Home All Day, Home All Night
Home All Day, Home All Night, the pandemically named and recorded eighth album and fourth as an acoustic trio for The Furious Seasons, finds them stretching out more into a full band mode. Bandleader/ guitarist/songwriter and vocalist David Steinhart sees this as a more eclectic effort compared to last year’s La Fonda, a song cycle dealing with losing a best friend to alcoholism. Along with Steinhart are his brother bassist David and guitarist/vocalist Paul Nelson. Guests provide violin, drums, accordion, and percussion. Five-time Grammy-winning producer and engineer Alfonso Rodenas again helmed the sessions which unlike their usual recorded live with the three in a semicircle in front of microphones, they recorded in four separate studios apart. The time and different studios afforded the opportunities to play more instruments. David Steinhart played drums and Jeff played keyboards so that most of these tracks have drums and piano, unlike their usual guitar-guitar-upright bass configuration. These themes touch on love, childhood, aging, and certainly the pandemic.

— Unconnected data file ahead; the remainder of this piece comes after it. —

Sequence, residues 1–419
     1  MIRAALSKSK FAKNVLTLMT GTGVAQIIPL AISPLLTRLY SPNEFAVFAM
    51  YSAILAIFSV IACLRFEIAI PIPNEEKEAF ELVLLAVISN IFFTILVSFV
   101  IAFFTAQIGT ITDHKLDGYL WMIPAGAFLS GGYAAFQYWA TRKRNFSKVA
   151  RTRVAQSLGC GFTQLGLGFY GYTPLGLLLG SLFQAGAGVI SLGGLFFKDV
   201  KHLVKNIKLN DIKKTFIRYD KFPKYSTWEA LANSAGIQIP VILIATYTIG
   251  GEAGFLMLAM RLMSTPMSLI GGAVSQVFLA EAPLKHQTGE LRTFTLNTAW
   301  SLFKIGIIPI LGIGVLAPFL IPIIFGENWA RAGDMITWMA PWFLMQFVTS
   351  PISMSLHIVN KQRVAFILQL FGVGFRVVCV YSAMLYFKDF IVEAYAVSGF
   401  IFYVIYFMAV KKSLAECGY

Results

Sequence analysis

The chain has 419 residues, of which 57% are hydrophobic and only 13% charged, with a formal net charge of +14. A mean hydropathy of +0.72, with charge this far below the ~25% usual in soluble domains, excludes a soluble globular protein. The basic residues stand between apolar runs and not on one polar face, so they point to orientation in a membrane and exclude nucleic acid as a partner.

The songs, even the titles, have a very much L.A. flavor such as “The North Valley,” “The Smallest Beach,” and “Lovely Backyard.” The latter speaks to the pandemic in David singing that he is grateful she has a great place to spend her time but perhaps the most direct pandemic lyrics are in “7420,” about the Fourth of July in the city intertwined with the social unrest and disturbing political atmosphere – “The fireworks in the L.A. sky/feel like an act of pure defiance” and these from which the album takes its title – “You’ll be home all day/we’ll be home all night/Laying low and abstaining/From all of our non-essential activities/They boil down to just four or five things/Still we’re left here with a whole lot of nothing.”
The vocal harmonies, the flourishes of guitar where Nelson makes the Weissenborn and dobro sound like a pedal steel imbue so many of these eminently listenable songs, most of which, certainly in comparison to last year’s effort, are upbeat. It’s hard to beat the infectious vibe of “ Down for Me,“
“Long Vacation ,” or “Birthday Song,” as just three examples. Aubrey Richmond’s fiddle imbues the more contemplative “The North Valley” while Eduardo Tancredi’s drumming drives the upbeat “Puff of Smoke,‘ which speaks to our fleeting time and its indelible line “I’m a walking ghost.“ The trio was even inspired to take on David Bowie, rendering “Changes,“ slowing it down and building more drama into it than the original.
The music is beautifully rendered throughout behind David’s expressive, emotive vocals. It’s not only Nelson’s deft touches on the string instruments but Jeff’s bass work and injection of organ and piano in just the right spots. The songs are well-crafted, highly melodic, and rife with stellar musicianship.
- Jim Hynes
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